Phnom Penh, Cambodia

Independence Monument, Phnom Penh, Cambodia. The Independence Monument, maybe the most significant symbol of the young Cambodian nation, was planned as early as the second half of the 1950s, but was not inaugurated until November 9, 1962, nine years after independence. Responsible for the design was the young architect Vann Molyvann. Stamp, Cambodia, 1961

About Phnom Penh

Phnom Penh is the capital and largest city of Cambodia, located in the south of the country. Cambodia lies on the Gulf of Thailand between Thailand, Laos, and Vietnam. Established in the 14th century, Phnom Penh now has a population of over 2 million people and extends over nearly 700 square kilometres.

In 1863 Cambodia came under French domination and later became part of French Indochina. In 1953, the country gained independence from France. In the years that followed, the country embarked on an unprecedented modernization under the leadership of Prince and Head of State Norodom Sihanouk. Accompanying this modernisation drive was the commitment to an architectural language that seemed appropriate for the young emerging country. The new Cambodia was built in a style merging western modernism with Khmer traditions – aptly named “New Khmer Architecture”. During this time, not only architecture, but also music, dance, literature, and film set out for new horizons, and helped to shape the myth of a country, that, for a brief “golden age” had regained its former Angkorian grandeur, with Phnom Penh at its centre.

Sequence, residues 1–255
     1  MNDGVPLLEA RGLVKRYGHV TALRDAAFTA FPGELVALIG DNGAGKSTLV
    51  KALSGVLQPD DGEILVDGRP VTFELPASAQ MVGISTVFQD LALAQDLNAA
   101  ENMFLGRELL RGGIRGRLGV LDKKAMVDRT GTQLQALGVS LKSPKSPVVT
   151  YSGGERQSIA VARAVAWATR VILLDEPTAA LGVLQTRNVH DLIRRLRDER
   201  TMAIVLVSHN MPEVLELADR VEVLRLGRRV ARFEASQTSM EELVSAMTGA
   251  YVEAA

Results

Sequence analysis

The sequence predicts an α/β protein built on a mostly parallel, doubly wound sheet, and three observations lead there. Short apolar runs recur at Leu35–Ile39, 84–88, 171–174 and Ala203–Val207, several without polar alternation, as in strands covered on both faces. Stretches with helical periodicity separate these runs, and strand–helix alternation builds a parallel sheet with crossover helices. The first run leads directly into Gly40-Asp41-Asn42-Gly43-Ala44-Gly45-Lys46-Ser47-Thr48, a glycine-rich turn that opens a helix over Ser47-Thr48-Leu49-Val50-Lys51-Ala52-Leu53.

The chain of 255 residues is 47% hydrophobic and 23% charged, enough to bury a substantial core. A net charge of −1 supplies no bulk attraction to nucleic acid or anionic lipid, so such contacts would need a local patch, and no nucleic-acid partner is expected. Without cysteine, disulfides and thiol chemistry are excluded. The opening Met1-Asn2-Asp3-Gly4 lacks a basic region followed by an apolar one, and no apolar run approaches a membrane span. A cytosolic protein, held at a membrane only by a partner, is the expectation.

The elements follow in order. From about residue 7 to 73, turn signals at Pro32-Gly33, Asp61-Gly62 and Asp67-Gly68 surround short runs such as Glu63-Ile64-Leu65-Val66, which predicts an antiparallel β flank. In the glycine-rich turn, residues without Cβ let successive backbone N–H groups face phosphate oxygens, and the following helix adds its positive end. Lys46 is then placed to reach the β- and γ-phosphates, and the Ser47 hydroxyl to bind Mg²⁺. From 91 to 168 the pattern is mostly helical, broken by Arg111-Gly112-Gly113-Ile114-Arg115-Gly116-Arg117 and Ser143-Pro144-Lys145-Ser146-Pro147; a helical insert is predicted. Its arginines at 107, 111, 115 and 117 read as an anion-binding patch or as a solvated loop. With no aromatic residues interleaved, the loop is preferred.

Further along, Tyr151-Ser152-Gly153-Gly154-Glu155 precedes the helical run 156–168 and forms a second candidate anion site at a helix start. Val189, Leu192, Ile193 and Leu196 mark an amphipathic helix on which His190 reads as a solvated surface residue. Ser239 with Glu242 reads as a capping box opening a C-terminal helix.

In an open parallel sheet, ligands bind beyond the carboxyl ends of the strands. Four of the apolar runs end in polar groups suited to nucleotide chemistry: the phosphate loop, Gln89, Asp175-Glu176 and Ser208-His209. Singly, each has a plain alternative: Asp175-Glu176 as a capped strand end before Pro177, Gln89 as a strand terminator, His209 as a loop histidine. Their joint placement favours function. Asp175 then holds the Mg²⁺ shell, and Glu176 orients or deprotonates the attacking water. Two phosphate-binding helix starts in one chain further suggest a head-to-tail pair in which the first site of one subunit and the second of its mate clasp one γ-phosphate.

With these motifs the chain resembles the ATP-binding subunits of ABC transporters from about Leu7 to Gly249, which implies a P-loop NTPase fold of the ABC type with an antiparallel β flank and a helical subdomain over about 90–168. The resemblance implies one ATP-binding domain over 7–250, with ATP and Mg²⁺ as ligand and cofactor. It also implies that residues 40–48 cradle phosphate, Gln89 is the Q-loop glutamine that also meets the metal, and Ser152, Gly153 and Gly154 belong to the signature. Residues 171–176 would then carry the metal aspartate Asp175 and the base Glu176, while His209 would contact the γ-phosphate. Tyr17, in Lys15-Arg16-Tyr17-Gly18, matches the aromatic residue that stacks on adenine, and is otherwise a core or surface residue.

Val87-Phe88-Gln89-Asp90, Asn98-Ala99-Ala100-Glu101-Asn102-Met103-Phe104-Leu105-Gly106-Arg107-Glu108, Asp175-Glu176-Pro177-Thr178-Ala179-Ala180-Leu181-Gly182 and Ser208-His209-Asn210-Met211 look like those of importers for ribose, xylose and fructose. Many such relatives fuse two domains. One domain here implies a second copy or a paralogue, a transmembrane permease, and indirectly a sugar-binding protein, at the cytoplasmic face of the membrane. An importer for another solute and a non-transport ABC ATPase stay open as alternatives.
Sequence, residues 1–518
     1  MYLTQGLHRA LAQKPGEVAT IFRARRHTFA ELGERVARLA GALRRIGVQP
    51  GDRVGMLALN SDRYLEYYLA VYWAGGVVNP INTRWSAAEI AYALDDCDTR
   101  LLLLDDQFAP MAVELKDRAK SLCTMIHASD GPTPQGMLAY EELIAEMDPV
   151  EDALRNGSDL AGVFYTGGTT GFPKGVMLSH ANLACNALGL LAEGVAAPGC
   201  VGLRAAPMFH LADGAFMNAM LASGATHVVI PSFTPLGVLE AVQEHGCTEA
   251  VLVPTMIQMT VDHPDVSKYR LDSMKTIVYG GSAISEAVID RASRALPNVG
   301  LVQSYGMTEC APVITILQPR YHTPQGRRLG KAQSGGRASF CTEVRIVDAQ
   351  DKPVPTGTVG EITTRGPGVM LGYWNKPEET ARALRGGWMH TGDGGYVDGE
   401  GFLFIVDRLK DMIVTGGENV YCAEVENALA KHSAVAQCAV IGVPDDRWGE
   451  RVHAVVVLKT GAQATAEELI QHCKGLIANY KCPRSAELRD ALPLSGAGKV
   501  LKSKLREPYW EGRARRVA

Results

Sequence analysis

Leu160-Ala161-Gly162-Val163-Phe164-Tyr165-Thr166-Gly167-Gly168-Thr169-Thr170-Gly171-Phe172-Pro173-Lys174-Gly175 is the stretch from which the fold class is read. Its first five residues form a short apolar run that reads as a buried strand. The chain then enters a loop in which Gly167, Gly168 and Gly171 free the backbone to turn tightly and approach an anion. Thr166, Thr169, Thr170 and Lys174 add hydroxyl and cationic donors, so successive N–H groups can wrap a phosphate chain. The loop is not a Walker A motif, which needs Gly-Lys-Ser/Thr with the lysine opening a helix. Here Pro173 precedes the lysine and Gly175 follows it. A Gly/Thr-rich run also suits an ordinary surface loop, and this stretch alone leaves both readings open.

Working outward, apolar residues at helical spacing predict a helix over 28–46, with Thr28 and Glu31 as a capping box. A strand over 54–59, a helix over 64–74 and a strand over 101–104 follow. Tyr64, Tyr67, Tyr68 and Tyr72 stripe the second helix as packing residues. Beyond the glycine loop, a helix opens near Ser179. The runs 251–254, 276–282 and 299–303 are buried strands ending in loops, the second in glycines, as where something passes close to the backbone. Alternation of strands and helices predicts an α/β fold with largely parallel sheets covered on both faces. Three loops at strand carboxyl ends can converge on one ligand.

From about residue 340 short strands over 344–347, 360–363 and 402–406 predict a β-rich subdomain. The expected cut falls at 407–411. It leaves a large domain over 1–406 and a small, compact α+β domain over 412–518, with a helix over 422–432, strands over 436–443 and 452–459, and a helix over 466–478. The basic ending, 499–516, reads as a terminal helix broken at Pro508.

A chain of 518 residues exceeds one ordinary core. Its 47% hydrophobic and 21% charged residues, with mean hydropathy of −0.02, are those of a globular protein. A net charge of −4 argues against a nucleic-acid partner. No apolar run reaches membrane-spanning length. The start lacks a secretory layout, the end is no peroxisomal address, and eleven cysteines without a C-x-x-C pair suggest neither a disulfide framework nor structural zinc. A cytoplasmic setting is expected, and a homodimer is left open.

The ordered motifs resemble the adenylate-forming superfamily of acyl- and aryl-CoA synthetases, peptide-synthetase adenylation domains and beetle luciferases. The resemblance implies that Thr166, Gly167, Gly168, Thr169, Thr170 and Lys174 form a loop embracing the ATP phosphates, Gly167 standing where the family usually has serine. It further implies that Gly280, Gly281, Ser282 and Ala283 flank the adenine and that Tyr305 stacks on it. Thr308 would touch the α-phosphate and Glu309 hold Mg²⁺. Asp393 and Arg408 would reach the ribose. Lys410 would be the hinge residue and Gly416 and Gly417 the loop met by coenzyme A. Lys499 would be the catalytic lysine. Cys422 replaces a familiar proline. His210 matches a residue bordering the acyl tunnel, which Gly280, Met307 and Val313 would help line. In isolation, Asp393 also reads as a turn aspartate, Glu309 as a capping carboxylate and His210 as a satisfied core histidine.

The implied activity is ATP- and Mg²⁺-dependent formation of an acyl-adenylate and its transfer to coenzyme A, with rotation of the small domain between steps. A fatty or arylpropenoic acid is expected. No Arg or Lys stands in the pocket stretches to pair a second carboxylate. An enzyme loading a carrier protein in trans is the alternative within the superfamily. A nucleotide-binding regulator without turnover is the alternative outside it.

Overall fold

All this ended with the deposition of the head of state, Norodom Sihanouk, in 1970. In the years that followed, Cambodia sank into chaos: the Vietnam War raged at its borders and within the country itself, and the emerging civil war drove the rural population into the arms of the Khmer Rouge. On April 17, 1975, the Khmer Rouge invaded Phnom Penh and took over the country. In 1978, Vietnamese troops invaded the country and ended the Khmer Rouge regime. Cambodia remained occupied by Vietnam for ten years. After 1989, a peace agreement was signed with the participation of the UN, and was followed by the reconstruction of state structures.  This interim period ended in 1993 with a new constitution and the restoration of the monarchy. Cambodia has since made significant progress in the fight against poverty and underdevelopment and is now one of the fastest growing economies in the world. Prime Minister Hun Sen has been in office continuously since 1985.

SEAM Space Phnom Penh: Folding Concrete

The SEAM Space Phnom Penh was curated by Sereypagna Pen and Lyno Vuth. Their contribution Folding Concrete drew out multiple narratives, perspectives, and positions, opening up arenas of speculation that reimagine Cambodian modernities anew.

Information on the programme in Phnom Penh can be found here.